Third reading for Bill promoting predictable working hours

A Private Member’s Bill on predictable working hours gets its third reading in Parliament today.

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A Bill to give workers and agency workers the right to request more predictable terms and conditions of work has its third reading in Parliament today.

The Workers (Predictable Terms and Conditions) Bill has been put forward by Conservative MP Scott Benton. It is another Private Member’s Bill that has come about after the Government shelved its Employment Bill based on the 2017 Taylor Review to address ‘one-sided flexibility’. It doesn’t go as far as the Review’s recommendations, however, having dropped a proposed right to reasonable notice of work schedules and compensation for short notice shift cancellations.

The Bill proposes new provisions in the Employment Rights Act 1996 which would give certain workers, agency workers and employees a new statutory right to request a predictable working pattern.

It is likely to include annualised hours contract if their hours vary over time at the employer’s discretion. Those on short fixed-term contracts may also be able to request an extension on their contract. There are slightly different restrictions in relation to agency workers. It is likely those eligible will have to have continuous service with one employer for at least 26 weeks before they can make a request.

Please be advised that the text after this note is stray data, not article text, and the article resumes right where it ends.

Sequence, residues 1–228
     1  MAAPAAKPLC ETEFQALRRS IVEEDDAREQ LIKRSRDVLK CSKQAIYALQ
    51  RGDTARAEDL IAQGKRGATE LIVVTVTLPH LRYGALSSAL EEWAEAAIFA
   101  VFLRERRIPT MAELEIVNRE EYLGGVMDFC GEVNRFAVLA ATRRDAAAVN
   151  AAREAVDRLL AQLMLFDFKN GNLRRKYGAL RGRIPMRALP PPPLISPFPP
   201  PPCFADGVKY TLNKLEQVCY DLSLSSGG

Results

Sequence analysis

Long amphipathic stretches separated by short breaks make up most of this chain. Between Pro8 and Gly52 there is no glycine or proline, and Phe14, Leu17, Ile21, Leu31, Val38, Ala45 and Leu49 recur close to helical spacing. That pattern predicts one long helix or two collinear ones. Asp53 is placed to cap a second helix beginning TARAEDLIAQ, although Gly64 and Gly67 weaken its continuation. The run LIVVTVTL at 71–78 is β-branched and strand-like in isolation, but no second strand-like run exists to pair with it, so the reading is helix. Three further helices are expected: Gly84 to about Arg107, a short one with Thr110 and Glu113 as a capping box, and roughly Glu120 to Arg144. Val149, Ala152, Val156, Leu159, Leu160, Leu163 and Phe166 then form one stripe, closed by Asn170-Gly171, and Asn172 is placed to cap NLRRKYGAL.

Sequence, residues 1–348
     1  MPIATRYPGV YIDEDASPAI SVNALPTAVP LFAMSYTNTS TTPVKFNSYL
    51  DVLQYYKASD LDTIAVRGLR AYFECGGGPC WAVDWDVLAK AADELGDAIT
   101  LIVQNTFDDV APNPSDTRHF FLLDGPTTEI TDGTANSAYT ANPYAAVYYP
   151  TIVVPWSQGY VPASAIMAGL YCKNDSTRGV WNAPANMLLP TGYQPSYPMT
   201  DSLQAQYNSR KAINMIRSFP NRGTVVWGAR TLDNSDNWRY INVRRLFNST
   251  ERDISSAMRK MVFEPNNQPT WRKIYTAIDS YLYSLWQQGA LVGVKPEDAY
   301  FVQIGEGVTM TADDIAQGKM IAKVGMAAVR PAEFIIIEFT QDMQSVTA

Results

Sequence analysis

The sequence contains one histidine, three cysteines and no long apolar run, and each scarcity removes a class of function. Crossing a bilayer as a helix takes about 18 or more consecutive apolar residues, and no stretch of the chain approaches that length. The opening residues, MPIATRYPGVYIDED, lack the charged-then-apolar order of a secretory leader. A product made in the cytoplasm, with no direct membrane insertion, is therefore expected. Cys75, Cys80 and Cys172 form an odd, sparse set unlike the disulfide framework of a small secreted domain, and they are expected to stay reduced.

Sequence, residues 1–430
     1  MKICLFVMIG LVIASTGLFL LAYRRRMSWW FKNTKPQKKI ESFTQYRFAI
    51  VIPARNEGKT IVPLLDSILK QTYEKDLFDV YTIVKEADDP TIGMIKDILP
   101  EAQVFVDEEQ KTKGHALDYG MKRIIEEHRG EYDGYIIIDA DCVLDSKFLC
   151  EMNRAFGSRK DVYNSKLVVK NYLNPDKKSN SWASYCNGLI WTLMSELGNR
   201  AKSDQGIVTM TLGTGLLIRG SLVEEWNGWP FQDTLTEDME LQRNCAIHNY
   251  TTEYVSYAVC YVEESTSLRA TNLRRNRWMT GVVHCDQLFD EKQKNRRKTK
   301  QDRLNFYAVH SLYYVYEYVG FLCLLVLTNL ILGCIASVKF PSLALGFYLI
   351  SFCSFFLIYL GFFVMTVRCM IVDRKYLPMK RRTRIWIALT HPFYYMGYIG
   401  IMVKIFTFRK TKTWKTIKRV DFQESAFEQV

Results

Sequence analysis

As with flexible working requests, there is no obligation on the employer to agree a request, but the employer must deal with the application in ‘a reasonable manner’ and must respond within one month. A request can only be rejected for specific reasons, which are similar to those for flexible working, including the burden of additional costs, detrimental effect on ability to meet customer demand, detrimental impact on the recruitment of staff, detrimental impact on other aspects of the employer’s business, insufficiency of work during the periods the worker proposes to work and planned structural changes.

Two applications can be made a year in relation to the same employer.

According to law firm Lewis Silkin: “[The Bill] is likely to have the greatest impact on industries where shift patterns vary as rotas change, and where work is very casual in nature, although whether it will amount to much more than another “box ticking” exercise remains to be seen.”

Meanwhile, another Private Member’s Bill linked to the shelved Employment Bill is making its way through the House of Lords. The Neonatal Care Bill passed its second reading in the House of Lords today. It will enable working parents in England, Scotland and Wales with a newborn requiring neonatal care in hospital for more than seven days to be eligible for 12 weeks paid leave in addition to other entitlements such as maternity pay.

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